More informal sessions examine important papers in the field and explore the social aspects, and implications, of genetic knowledge. However, the most enjoyable parts for many are the independent library and practical projects.

History and Philosophy of Science

This subject gives an insight into the historical development of the sciences, technology and medicine; their philosophical structure political and sociological dynamics; and the methods of scientific enquiry. It provides essential resources for understanding some of the most significant institutions in the world.

In Part II, you choose options from a range offered, and write essays based on Primary Sources seminars and an optional dissertation based on your own research.

Part III students write four essays and a dissertation, focusing on the topics that interest them. The core teaching is the weekly seminar, which also gives students the opportunity to present their own work.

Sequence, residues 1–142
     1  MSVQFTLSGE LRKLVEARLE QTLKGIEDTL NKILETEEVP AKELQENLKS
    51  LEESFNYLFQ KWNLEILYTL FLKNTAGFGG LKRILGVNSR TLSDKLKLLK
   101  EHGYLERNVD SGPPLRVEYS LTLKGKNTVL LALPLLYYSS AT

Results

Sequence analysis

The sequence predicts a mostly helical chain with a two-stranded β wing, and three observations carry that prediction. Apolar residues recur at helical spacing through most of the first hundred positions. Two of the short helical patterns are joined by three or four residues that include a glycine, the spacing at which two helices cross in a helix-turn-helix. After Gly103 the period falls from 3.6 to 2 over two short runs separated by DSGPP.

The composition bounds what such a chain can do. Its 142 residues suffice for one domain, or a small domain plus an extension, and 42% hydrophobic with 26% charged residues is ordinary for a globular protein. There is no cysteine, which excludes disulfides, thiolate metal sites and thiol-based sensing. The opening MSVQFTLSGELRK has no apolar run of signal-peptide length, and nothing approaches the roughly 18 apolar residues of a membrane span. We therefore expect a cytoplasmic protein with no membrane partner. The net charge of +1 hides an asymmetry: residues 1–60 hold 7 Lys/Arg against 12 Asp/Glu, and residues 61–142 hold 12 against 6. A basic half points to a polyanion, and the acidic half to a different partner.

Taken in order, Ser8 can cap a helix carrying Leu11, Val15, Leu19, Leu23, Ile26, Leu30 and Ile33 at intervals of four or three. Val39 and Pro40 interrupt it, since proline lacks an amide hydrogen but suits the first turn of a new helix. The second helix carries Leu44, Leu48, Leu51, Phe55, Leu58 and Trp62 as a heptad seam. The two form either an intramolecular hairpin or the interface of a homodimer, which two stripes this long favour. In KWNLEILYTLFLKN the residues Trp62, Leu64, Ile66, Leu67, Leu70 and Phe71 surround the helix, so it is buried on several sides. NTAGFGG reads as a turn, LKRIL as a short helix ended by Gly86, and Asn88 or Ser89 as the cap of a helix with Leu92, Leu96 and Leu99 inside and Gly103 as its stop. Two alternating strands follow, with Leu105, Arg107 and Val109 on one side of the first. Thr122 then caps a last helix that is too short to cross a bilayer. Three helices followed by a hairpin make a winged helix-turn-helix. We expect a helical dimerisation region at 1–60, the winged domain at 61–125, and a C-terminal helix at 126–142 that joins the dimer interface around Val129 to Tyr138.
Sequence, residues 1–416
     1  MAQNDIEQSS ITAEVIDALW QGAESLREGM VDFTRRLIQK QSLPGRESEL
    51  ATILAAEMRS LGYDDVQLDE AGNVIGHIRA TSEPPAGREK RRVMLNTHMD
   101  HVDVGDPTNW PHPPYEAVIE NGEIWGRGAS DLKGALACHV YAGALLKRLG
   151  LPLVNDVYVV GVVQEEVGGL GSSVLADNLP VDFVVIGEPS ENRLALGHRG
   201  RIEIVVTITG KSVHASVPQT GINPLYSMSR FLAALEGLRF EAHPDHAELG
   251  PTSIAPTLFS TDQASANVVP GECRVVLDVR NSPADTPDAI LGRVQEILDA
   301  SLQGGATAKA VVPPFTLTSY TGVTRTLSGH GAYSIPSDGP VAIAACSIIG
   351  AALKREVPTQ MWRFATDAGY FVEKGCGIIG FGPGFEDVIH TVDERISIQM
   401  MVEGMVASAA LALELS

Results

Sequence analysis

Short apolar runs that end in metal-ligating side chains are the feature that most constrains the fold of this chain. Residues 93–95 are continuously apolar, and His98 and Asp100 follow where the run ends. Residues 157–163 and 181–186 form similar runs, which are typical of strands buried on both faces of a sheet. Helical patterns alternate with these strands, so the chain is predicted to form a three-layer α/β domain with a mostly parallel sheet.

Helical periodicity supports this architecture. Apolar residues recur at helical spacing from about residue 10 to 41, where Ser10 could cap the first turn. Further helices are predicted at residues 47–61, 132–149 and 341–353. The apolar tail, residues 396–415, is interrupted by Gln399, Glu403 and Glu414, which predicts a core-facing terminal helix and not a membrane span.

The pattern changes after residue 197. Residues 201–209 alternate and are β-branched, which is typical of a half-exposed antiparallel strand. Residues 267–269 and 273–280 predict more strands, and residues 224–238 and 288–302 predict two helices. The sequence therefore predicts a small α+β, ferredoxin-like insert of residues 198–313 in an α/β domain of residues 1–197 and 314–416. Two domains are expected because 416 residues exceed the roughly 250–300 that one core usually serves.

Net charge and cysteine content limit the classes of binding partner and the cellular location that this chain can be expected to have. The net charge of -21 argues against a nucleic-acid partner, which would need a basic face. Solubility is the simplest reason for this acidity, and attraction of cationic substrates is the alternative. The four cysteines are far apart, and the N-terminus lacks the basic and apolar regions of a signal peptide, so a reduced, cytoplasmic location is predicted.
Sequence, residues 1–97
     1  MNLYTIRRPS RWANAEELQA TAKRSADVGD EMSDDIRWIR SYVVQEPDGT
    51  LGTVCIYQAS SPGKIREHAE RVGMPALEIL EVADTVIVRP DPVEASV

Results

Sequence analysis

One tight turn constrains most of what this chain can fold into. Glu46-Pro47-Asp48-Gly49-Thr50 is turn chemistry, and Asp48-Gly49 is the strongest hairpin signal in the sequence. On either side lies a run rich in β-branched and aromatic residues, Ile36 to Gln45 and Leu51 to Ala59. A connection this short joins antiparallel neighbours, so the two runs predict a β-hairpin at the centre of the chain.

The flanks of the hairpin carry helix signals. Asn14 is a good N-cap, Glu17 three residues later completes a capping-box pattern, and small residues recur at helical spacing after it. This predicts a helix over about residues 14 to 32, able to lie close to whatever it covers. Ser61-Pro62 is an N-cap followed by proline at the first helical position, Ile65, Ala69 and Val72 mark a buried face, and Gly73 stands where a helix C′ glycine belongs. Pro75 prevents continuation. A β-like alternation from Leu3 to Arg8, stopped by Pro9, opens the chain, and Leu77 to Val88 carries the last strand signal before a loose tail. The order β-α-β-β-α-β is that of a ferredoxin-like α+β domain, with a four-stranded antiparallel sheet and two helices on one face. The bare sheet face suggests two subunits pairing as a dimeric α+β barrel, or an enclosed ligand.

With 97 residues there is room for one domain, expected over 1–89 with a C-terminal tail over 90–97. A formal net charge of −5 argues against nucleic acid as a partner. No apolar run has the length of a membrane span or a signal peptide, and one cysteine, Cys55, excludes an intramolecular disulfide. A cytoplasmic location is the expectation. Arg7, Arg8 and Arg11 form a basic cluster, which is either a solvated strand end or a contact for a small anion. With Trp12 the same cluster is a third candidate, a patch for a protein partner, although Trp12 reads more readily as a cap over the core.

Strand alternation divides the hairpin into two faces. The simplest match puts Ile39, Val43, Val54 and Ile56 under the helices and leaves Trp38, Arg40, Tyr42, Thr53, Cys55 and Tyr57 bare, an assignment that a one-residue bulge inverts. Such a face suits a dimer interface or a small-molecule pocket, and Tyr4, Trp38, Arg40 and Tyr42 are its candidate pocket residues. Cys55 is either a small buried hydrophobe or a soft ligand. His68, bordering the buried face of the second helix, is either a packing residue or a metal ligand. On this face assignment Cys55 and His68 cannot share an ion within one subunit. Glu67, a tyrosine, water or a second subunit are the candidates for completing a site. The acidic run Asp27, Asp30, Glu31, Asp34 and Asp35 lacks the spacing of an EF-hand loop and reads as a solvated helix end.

Materials Science

Materials Science is a key discipline in today's world, based in the physical sciences but with links to the biological sciences and branches of engineering.

Part II focuses on the links between the processing, structure and properties of numerous materials classes. Practicals and projects introduce analytical tools and computational techniques.

Part III concentrates on recent developments, with core papers highlighting modern experimental techniques, and a range of optional topics which focus on cutting-edge research. A major research project is an important component of Part III.


Pathology combines numerous biological disciplines - including molecular biology, genetics and cell biology - with the study of topics such as human genetic disease, cancer, heart disease, the immune system, parasites, and vaccines.

In Part II, you choose two from Cancer and Genetic Diseases, Dynamics of Infectious Diseases, Immunology, Microbiology and Parasitology, and Virology.